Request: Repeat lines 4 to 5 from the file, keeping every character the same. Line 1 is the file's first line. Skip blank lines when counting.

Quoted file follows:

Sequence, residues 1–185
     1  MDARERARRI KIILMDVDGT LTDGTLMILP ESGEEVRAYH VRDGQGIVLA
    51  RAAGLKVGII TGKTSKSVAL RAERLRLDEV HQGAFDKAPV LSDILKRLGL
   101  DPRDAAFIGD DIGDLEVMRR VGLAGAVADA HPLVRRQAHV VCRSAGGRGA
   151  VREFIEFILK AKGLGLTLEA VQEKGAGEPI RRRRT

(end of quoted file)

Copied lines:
   101  DPRDAAFIGD DIGDLEVMRR VGLAGAVADA HPLVRRQAHV VCRSAGGRGA
   151  VREFIEFILK AKGLGLTLEA VQEKGAGEPI RRRRT